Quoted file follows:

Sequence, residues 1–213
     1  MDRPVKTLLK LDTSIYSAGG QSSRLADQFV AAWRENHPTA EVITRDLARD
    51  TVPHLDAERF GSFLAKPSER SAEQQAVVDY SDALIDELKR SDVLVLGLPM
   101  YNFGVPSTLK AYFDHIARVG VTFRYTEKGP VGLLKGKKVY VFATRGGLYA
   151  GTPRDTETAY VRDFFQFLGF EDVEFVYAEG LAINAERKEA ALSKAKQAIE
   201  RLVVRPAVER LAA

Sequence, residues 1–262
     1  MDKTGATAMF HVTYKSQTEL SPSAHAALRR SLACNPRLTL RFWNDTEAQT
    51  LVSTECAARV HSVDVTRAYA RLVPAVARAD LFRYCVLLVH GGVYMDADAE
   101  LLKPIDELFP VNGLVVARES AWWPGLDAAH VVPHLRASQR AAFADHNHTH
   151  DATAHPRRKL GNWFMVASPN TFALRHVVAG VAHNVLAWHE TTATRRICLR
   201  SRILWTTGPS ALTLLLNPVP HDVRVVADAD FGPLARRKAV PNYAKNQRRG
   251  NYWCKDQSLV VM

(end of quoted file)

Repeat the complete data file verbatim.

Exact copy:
Sequence, residues 1–213
     1  MDRPVKTLLK LDTSIYSAGG QSSRLADQFV AAWRENHPTA EVITRDLARD
    51  TVPHLDAERF GSFLAKPSER SAEQQAVVDY SDALIDELKR SDVLVLGLPM
   101  YNFGVPSTLK AYFDHIARVG VTFRYTEKGP VGLLKGKKVY VFATRGGLYA
   151  GTPRDTETAY VRDFFQFLGF EDVEFVYAEG LAINAERKEA ALSKAKQAIE
   201  RLVVRPAVER LAA

Sequence, residues 1–262
     1  MDKTGATAMF HVTYKSQTEL SPSAHAALRR SLACNPRLTL RFWNDTEAQT
    51  LVSTECAARV HSVDVTRAYA RLVPAVARAD LFRYCVLLVH GGVYMDADAE
   101  LLKPIDELFP VNGLVVARES AWWPGLDAAH VVPHLRASQR AAFADHNHTH
   151  DATAHPRRKL GNWFMVASPN TFALRHVVAG VAHNVLAWHE TTATRRICLR
   201  SRILWTTGPS ALTLLLNPVP HDVRVVADAD FGPLARRKAV PNYAKNQRRG
   251  NYWCKDQSLV VM